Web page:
On February 7, 2014, the Family Part entered a uniform summary support order and two companion orders, which raised the husband’s child support obligation to $342 per week retroactive to October 15, 2013, found the wife in violation of litigant’s rights, and awarded the husband $5,860 in fees and costs. On February 19, 2014, a supplemental order set forth additional findings regarding the wife’s bad faith in: (1) failing to provide appropriate documentation for reimbursement of extracurricular activities; (2) neglecting to tell the husband about new activities and their associated expenses before accruing the same; and (3) preventing the husband from exercising parenting time with the daughter. On March 25, 2014, another supplemental order lowered the income imputed to the wife from $100,000 to $75,000, which consequently raised the husband’s support obligation by $1.
On appeal, the wife argued that child support was incorrectly calculated because the trial court’s imputation of $75,000 in annual income to her was unsupported by the record. Moreover, she claimed that $1,005 should not have been deducted from the husband’s gross income for education and business loans because they were an “unreasonable debt” that were not in the daughter’s best interests. The Appellate Division rejected both arguments, explaining that ascertaining both parents’ income is critical to a fair child support award. In some cases, this can include imputing income to a parent that is voluntarily unemployed without just cause. Accordingly, the Appellate Division affirmed the Family Part’s decision to impute $75,000 to the wife because her pre-marriage earnings ranged from $75,000 to $100,000, and her decision to stay home to care for and homeschool her daughter was voluntary. The Appellate Division also affirmed the loan deduction, explaining that there was “nothing unreasonable about the loans [the husband] needed to pay for his education and to establish his dental practice,” which enhanced his earning potential and thus benefitted his child.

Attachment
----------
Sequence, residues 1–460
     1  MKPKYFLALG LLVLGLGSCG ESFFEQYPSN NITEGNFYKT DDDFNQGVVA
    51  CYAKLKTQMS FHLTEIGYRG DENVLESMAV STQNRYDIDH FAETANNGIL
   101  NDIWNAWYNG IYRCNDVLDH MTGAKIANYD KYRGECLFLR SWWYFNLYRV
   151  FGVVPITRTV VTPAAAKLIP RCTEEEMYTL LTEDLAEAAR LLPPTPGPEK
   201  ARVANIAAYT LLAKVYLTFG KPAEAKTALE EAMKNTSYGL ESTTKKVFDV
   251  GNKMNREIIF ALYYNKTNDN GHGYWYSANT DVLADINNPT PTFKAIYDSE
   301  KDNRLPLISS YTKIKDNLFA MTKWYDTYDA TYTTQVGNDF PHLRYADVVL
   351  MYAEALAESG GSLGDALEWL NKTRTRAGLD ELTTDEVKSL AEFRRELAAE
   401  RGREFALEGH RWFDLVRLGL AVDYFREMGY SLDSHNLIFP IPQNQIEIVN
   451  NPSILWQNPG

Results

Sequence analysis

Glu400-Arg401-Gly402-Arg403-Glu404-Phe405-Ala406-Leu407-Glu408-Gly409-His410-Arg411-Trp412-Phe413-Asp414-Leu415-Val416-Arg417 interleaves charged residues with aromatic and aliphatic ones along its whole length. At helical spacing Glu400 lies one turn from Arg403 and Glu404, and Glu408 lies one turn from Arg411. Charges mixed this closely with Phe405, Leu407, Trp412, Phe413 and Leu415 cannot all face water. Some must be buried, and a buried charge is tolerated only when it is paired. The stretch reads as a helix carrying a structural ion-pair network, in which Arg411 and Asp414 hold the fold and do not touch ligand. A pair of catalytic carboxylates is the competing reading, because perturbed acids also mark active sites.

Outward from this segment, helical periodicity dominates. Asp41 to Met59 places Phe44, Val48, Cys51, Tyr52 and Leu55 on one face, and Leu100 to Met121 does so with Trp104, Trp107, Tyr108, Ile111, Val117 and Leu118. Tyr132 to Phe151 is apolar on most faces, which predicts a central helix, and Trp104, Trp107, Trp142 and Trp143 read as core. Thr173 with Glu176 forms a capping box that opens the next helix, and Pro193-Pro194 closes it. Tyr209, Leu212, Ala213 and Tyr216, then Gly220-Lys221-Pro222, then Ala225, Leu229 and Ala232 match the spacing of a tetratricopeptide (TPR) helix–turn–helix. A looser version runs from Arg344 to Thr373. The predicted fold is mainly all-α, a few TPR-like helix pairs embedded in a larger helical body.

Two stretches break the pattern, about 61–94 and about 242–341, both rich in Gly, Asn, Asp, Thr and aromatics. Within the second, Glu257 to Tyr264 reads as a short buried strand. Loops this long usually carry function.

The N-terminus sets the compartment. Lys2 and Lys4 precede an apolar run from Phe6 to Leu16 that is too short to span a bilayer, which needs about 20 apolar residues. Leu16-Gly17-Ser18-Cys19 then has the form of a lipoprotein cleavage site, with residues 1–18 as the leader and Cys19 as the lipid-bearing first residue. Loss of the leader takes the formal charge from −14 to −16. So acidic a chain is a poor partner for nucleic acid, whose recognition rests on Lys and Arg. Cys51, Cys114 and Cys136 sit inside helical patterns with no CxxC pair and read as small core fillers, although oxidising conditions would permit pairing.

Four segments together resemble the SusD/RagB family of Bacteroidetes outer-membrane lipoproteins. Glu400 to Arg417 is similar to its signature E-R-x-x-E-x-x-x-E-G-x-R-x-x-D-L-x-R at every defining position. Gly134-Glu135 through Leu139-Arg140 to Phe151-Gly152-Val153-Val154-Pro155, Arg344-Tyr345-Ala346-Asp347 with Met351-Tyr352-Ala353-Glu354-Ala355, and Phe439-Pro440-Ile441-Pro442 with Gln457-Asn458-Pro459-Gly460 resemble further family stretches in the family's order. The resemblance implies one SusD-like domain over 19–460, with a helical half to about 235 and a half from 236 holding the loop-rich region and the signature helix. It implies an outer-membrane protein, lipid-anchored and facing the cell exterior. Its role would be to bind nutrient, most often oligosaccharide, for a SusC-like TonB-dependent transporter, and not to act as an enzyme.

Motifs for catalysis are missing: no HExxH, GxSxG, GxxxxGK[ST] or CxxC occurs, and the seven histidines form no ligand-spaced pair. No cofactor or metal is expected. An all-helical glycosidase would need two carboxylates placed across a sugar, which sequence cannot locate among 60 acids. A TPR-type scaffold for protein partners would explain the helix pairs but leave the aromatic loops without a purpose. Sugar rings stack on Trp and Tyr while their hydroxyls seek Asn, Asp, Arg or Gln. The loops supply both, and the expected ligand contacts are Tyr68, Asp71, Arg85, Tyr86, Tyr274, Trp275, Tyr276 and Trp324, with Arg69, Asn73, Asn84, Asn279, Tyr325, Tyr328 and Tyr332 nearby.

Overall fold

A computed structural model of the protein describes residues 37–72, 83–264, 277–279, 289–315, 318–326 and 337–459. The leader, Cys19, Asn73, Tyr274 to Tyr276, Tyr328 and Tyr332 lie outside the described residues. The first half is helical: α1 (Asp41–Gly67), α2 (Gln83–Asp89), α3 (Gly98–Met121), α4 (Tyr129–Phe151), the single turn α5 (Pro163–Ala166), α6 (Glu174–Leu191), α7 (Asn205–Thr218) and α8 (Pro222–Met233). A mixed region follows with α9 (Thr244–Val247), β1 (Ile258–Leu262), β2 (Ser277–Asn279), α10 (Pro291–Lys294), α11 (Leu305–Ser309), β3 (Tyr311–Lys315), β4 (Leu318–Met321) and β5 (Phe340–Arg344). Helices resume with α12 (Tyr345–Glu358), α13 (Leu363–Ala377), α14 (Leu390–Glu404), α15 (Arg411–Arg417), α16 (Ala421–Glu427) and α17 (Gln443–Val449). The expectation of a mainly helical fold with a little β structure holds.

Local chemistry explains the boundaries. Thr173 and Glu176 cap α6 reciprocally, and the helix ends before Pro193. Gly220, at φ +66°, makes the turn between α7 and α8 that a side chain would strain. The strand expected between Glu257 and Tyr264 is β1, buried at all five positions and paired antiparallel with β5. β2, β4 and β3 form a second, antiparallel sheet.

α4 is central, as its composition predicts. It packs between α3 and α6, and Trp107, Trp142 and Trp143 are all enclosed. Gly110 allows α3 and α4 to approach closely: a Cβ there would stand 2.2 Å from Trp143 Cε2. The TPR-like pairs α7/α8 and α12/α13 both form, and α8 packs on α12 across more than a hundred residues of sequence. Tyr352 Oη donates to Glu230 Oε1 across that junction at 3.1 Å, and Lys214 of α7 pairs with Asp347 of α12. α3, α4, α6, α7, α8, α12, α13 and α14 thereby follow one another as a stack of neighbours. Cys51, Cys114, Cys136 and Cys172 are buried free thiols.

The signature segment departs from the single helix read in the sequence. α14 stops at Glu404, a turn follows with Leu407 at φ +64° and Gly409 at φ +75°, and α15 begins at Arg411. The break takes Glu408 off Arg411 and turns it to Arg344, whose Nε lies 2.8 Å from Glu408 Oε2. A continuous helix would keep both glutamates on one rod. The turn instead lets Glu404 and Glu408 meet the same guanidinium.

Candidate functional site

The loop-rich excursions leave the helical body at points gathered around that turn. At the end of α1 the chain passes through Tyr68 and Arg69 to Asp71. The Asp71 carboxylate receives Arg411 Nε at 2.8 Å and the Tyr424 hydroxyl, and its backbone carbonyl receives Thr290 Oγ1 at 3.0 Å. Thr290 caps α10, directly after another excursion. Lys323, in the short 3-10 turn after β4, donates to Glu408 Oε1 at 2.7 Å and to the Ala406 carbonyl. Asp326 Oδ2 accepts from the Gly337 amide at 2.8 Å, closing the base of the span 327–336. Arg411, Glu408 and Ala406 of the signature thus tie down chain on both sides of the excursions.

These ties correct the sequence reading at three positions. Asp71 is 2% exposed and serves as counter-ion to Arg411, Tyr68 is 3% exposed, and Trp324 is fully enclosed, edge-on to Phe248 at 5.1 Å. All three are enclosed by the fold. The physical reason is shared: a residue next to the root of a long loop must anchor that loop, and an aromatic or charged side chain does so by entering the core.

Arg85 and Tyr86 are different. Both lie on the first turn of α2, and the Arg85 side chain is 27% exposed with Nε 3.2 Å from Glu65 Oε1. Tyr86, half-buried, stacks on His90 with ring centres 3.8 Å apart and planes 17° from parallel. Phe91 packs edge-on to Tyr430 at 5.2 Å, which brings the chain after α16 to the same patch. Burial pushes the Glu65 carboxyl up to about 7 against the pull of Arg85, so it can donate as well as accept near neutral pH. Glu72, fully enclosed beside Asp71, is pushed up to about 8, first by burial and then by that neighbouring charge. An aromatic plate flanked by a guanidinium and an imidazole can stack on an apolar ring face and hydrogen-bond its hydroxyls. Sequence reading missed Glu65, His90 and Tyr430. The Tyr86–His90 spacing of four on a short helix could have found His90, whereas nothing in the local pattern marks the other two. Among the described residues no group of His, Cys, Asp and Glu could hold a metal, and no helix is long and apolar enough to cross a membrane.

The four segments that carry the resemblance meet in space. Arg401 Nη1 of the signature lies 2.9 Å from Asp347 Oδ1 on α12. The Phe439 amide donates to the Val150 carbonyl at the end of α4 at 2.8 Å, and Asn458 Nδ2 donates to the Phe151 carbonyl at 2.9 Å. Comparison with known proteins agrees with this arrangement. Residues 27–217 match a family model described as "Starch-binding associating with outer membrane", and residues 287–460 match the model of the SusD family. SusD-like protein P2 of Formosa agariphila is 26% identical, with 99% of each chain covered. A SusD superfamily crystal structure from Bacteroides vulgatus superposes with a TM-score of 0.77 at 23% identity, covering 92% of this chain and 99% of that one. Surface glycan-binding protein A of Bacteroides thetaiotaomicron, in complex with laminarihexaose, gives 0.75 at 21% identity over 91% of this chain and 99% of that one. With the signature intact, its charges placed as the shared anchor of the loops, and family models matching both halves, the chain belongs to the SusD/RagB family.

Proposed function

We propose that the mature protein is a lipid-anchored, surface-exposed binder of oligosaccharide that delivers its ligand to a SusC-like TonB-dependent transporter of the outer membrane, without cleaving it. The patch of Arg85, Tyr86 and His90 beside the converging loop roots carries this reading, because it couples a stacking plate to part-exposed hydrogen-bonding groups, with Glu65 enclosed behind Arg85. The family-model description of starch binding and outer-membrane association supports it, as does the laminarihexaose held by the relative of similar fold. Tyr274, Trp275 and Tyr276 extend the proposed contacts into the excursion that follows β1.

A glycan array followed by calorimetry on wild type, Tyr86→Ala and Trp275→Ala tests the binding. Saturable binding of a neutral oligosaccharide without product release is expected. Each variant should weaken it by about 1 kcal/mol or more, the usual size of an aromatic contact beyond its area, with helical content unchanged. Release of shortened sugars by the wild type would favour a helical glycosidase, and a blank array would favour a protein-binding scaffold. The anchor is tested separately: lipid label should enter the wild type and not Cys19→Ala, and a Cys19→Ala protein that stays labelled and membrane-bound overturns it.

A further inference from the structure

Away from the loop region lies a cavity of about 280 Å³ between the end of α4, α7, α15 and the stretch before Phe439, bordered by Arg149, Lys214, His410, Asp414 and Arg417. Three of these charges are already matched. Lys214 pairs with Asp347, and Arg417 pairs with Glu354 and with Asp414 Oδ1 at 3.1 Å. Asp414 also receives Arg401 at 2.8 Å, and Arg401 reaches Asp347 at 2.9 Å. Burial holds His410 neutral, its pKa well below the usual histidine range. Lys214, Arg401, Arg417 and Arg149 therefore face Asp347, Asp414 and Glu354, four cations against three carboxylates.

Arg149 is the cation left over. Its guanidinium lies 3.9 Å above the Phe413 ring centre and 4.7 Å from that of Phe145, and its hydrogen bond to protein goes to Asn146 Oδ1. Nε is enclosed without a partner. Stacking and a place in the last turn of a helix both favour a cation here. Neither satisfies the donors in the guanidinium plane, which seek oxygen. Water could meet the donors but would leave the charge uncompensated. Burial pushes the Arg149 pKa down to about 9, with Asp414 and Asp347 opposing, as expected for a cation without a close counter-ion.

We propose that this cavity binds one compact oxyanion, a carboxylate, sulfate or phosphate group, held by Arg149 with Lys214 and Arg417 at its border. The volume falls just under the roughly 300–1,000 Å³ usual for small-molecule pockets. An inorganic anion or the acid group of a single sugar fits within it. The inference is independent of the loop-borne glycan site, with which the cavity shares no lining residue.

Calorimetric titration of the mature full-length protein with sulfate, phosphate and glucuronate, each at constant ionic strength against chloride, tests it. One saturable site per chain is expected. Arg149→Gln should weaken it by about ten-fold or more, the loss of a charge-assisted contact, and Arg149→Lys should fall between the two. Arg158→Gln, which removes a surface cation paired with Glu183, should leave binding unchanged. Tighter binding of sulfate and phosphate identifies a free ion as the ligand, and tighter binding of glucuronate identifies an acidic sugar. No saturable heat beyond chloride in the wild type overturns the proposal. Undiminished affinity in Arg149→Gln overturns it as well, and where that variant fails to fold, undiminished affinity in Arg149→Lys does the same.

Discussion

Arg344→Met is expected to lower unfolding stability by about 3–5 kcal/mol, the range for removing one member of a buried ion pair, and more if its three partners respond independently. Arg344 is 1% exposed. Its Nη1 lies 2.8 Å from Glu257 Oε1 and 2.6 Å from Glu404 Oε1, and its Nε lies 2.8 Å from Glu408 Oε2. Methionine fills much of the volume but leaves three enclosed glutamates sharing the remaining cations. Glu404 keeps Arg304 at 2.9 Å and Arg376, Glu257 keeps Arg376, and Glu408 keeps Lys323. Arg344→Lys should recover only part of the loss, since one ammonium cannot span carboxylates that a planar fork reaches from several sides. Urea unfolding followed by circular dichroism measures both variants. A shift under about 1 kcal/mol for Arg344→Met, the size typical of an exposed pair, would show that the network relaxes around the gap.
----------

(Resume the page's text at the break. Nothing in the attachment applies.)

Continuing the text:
The wife also argued that the trial judge should have retroactively applied the increase in child support to February 1, 2012, when she filed her original motion, rather than October 15, 2013. The Appellate Division agreed on this issue, explaining that the lower court was incorrect in concluding that the wife “sat on her rights until she filed a cross-motion on October 15, 2013.” The Appellate Division further explained that because the court never considered the wife’s original application to increase child support, the court abused its discretion in failing to set the effective date of the increase as February 1, 2012.
Finally, the wife argued that the judge made insufficient findings to support sanctioning her with an award of attorney fees and costs, but the Appellate Division disagreed. The Appellate Division explained that the economic circumstances of both spouses is an important factor to consider in deciding whether a fee award is appropriate. However, where one spouse acts in bad faith, their relative finances become less relevant in the analysis. The Appellate Division upheld the fee award because the wife acted in bad faith in violating court orders.
If you have an issue with child support, contact the skilled matrimonial attorneys at Snyder Sarno D’Aniello Maceri & da Costa LLC. Call us today at (973) 274-5200.